Memorandum of Conversation, by Mr. J. Rives Childs of the Division of Near Eastern Affairs

Participants: Mr. A. E. Overton, of the British Board of Trade, Member of the British Trade Delegation to the United States.
Mr. Murray.
Mr. Alling.
Mr. Childs.
Mr. John C. Ross.33

Mr. Overton called at the Department on May 3, 1938, and stated that he had been instructed by the British Board of Trade to discuss the question of the Moroccan treaty negotiations.

He recalled that the British Government had been in close touch with the American Government through the American Embassies in London and Paris and had acquainted Mr. Johnson, of the Embassy in London, and Mr. Wilson, of the Embassy in Paris, with the progress of the negotiations and with the terms of the Anglo-French Commercial [Page 878]Treaty on French Morocco which had been recently initialled but not as yet signed.

Mr. Overton was reminded by Mr. Murray that while we had been made acquainted with the general provisions of the treaty in question, and while the British had expressed a willingness to make the full text available to this Government, the French Government had declined to agree, for some unaccountable reason.

There followed some general discussion of the treaty, in which Mr. Overton explained that the term “consolidated duties” as used with reference to the Anglo-French Treaty was expressive of the binding of duties. He was unable to state the term of duration of the treaty or the reasons delaying its signature and publication. He inquired whether we were in actual negotiations with the French Government and added that he had been instructed by the Board of Trade to inquire also whether anything could be done to hasten our negotiations. He explained that British cotton interests in particular were pressing the British Government to obtain the effective introduction as soon as possible of the provisions of the treaty relating to the imposition of textile quotas as a protection against Japanese competition in Morocco.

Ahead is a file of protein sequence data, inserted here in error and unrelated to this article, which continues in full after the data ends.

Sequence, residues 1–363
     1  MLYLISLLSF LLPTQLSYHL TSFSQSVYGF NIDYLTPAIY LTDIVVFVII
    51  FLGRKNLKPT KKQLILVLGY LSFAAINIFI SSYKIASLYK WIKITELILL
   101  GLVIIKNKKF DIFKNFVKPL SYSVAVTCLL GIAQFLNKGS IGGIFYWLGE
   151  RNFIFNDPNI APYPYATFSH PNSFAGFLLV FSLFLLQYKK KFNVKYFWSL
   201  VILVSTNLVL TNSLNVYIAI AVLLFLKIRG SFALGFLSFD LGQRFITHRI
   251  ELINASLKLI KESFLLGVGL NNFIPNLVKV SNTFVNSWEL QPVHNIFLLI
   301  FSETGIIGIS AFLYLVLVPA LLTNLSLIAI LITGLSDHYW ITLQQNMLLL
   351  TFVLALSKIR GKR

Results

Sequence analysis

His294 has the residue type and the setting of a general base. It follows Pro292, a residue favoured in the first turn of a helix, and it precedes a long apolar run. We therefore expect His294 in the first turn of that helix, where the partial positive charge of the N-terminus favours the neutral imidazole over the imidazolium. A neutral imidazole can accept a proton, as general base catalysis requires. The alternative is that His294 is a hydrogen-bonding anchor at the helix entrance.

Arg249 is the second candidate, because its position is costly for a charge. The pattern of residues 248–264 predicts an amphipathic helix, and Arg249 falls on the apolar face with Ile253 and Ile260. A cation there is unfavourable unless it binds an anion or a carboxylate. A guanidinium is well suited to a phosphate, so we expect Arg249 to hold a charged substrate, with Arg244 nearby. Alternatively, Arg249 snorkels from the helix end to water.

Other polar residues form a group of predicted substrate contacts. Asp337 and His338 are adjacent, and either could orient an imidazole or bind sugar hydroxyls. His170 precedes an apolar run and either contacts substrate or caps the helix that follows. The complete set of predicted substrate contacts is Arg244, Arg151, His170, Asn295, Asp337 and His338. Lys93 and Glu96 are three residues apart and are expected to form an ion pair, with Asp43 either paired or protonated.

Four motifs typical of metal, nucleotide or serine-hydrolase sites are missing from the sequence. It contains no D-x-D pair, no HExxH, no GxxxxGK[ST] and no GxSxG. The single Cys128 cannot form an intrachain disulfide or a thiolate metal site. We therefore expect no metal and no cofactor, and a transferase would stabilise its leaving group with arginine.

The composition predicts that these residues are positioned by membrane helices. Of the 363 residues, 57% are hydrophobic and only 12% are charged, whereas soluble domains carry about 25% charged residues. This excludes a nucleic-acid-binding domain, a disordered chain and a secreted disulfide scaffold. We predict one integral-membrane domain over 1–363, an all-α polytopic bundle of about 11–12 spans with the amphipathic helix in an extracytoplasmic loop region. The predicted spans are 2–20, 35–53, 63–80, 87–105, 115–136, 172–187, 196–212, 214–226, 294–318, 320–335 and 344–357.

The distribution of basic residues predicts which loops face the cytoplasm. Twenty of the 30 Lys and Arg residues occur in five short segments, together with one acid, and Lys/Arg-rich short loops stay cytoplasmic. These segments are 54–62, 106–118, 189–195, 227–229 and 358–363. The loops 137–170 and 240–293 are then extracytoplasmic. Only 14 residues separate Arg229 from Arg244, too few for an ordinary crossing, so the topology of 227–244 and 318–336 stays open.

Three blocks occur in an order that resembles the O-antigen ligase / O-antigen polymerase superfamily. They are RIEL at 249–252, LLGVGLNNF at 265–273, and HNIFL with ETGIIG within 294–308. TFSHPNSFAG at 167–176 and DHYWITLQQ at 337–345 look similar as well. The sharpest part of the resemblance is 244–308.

Mr. Murray remarked that the American position vis-à-vis France in respect of the termination of the capitulatory régime was quite different from that of Great Britain. The latter, he said, was obligated under the Anglo-French Accord of 190434 to relinquish its capitulatory rights in Morocco upon the relinquishment of French capitulatory rights in Egypt. Moreover, in the Anglo-French Capitulatory Convention on Morocco France had relinquished its capitulatory rights in Zanzibar. Further, even after the relinquishment of British capitulatory rights in Morocco Great Britain could reasonably postpone the conclusion of a commercial treaty inasmuch as until such a treaty was concluded France was bound to the ten percent customs régime integrated in the British-Moroccan Commercial Treaty of 1856 which the new commercial treaty was designed to replace. On the other hand, we insisted upon the simultaneous negotiation with France of both a capitulations convention as well as a commercial treaty, as we were not disposed to give up the rights we were asked to relinquish in the capitulations convention, which afforded the basis for the safeguarding of our rights in Morocco, short of the negotiation of both a capitulations convention and a commercial treaty.